Massage & Bodywork

MAY | JUNE 2021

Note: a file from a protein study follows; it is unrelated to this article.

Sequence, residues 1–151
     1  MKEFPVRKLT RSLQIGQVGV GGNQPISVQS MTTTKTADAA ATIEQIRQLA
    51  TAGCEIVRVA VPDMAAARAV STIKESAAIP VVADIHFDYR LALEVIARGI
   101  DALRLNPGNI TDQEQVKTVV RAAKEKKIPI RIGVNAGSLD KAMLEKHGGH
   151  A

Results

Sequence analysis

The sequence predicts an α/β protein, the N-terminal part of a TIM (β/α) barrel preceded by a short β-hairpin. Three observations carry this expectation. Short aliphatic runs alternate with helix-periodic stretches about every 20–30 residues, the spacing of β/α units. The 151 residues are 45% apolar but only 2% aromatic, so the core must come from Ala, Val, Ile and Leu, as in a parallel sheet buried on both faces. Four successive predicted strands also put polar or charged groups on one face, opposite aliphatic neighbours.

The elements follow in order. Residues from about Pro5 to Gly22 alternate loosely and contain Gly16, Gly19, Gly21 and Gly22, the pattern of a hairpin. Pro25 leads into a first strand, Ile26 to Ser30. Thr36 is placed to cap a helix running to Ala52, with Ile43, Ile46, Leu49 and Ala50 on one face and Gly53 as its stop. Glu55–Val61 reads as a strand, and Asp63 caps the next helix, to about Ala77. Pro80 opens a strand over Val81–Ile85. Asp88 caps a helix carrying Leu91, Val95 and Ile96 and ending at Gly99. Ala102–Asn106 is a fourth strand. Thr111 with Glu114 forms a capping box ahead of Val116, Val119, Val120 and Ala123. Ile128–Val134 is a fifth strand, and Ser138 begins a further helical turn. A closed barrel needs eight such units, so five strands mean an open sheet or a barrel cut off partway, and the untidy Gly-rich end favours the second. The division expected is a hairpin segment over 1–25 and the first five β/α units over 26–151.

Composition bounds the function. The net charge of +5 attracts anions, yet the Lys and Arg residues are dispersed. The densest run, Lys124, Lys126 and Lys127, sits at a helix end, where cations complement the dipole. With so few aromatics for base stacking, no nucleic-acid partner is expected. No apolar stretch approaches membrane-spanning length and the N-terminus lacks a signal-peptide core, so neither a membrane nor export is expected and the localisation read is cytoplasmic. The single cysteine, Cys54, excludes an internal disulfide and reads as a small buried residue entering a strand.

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20 m a s s a g e & b o d y wo r k m ay/ j u n e 2 0 2 1 best practices | BLUEPRINT FOR SUCCESS What Do We Owe Our Clients? By Allissa Haines and Michael Reynolds Massage and bodywork are heart-based, caregiving professions. We concurrently practice an art and a science, serving the body and the mind. Many of us came to massage because we wanted a career that included meaningful work and connection to others. In the same vein, that desire to connect and serve can cloud boundaries and turn into service from an entirely emotional place. This is a recipe for resentment and burnout, all too common in our field. In our January/February 2021 column ("Code of Ethics," page 26), we explored creating a personal code of ethics and considered our responsibilities to our clients. Included in my own personal code of ethics were the following: • Provide the best possible care given my abilities; refer out if a client's needs are not being fully met by my services. • Work only within my scope of practice as defined by my state regulations and training. • Keep clients emotionally and physically safe. • Vigilantly protect confidentiality. As I dive deeper into how I serve my clients, I find myself thinking about the less tangible aspects of practitioner-client relationships, boundaries, and exactly what my service to clients includes, in a holistic sense. I've heard many stories of practitioners who stay late for clients, tolerate uncomfortable situations, or give discounts out of a sense of guilt or loyalty. I've wondered about the balance between generous caregiving and good boundaries. I've wondered: What do we owe our clients? WE OWE CLIENTS CLARITY AND HONESTY We should be clear and honest about if and how our services can help clients achieve their desired outcome. If a client comes to me because they heard massage can help improve thyroid function, I owe that client the unequivocal truth of saying, "I have never heard of any credible information demonstrating massage can change thyroid function. We know massage can help with stress. I am happy to provide massage for the purposes of stress relief; that's what I do! But I want to be clear there likely won't be a change in your thyroid function as a result of massage." We also owe clients and potential clients our honesty— even in uncomfortable situations like when we do not wish to schedule an appointment with them. It's very hard to say, "I was uncomfortable with your behavior at your last visit, so I've decided to terminate our professional relationship." I've seen many MTs get trapped by their own dishonesty when they default to "I don't have any appointments available" when in fact they do. Lying to a client or potential client is a bad idea. Best case scenario, you are a liar. Worst case, you're a liar and it will backfire. You'll run into that client at the grocery store on the day

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